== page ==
When you are building an interactive virtual reality experience, that is built on top of 360-degree media, we tend to go with 360 videos as this media format presents the recorded environment in a more immersive way. With a video, the whole environment becomes more dynamic. You can use the timeline to drop in specific objects or pieces of information at specific times. That does come with an increase in production costs. But what if there was a better way? In this article, we’ll try to show you how you can leverage Viar360‘s functionality to turn a 360-degree photo into a 360-degree video without wasting your time rendering 360 images in video editing software.
How are 360-degree images different from videos
When building interactive 360 experiences, you will be using one of two media formats: images or videos. Yes, you can add other formats inside individual scenes, but the foundation will always be built with one or the other. But there is a big difference between them.
360-degree images are static photos of the environment. They can be shot with a camera to capture the real world or they can be rendered from CAD modeling software to create a snapshot of a virtual world. If they are made in the equirectangular format they will look like they are stretched at the top and the bottom when you are not looking at them in a 360-degree view. The same applies to 360-degree videos. They too can be shot with a camera to capture the real world or rendered. They will also look stretched when you’re not viewing them 360-degree view.
There are three main differences: resolution, size, and time. 360 images are usually higher resolution than videos. Because a video is a sequence of images that constantly needs to refresh, modern devices can’t usually go higher than 4k. This means that 360-degree video’s resolution is about 3840 x 1920 pixels as it needs to be in 2:1 format to be equirectangular. 360-degree images don’t need to refresh. They are loaded just once, so they can be shown in higher resolutions. Even older devices are able to support resolutions of up to 6000 x 3000 pixels.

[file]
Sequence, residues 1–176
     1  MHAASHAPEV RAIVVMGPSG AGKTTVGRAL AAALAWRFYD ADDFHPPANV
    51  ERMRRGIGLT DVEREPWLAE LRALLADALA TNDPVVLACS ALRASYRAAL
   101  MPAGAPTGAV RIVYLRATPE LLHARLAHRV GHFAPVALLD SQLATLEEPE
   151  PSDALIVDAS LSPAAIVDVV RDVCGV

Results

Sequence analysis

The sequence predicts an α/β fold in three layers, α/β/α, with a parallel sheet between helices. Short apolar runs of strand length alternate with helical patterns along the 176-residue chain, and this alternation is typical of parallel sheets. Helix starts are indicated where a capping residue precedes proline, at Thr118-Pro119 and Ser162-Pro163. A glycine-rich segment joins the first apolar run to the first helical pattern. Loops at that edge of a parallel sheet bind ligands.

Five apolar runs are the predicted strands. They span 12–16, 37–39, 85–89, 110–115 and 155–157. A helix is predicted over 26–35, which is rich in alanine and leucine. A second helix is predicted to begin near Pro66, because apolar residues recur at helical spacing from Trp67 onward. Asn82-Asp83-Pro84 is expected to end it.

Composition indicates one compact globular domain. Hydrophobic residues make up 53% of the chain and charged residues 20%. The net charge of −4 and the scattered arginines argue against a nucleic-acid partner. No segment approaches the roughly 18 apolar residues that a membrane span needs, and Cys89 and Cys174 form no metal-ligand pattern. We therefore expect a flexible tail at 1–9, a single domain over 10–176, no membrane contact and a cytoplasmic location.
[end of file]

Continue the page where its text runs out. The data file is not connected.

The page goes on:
Again, as videos are s sequence of images, they need to store more data, which means that video files are larger than image files. Yes, you can use certain compression algorithms to decrease the size, but then you risk losing your image quality. Images store less data so the file sizes are smaller as well. A minute of 3840 x 1920 pixels 360-degree video will easily be 150-200 MB. A 6000 x 3000 pixels image will be about 25-30 MB.
The big advantage that video has over images is that is has a time component. This means that you can make a queue of actions that happen in a specific 360-degree scene. Images then to be static snapshots of the environment. Everything is visible right from the start. There is no before and no after.
How can you use Viar360 to turn a 360 image into a 360 video
Recently we added an interesting feature that allows you to add a timeline to a 360-degree image. We saw that in immersive training authors tend to use relatively static scenes in certain use cases. Let’s say you’re introducing a new hire to their work position. You will typically use a 360-degree video shot from a single position. You’ll then add some time-based information popups and a voice-over to explain what is what. For somebody to view that you will have to stream the entire video. If the viewers have a poor connection they will either have to wait for it to buffer or view it in a downgraded resolution.
If the environment is relativity static, why wouldn’t you just use an image and add a time component to it? This is exactly what this new Viar360 feature does. As seeing is believing, please take a look at the bottom video to see how it is done.
Benefits of doing it our way
Why would you do it our way instead of using just a normal 360-degree video:
- The images are loaded just once, which means that the file size that needs to be delivered is 10x less than with 360 videos. This means no buffering or resolution drops.
- The resolution will be higher as you can easily go up to 6000 x 3000 pixels. This will make the environment crisper.
- You can easily update the time component. If you need more or less time just update it in the settings. No need to render new 360-degree videos.
Of course, if you’ll be using more dynamic content in the video or if you will be moving the camera while recording, you will still probably use 360-degree video as your underlying media file for your virtual reality experience. At least you can make sure that the more static video scenes are slimed down by using Viar360‘s “Add a timeline” feature.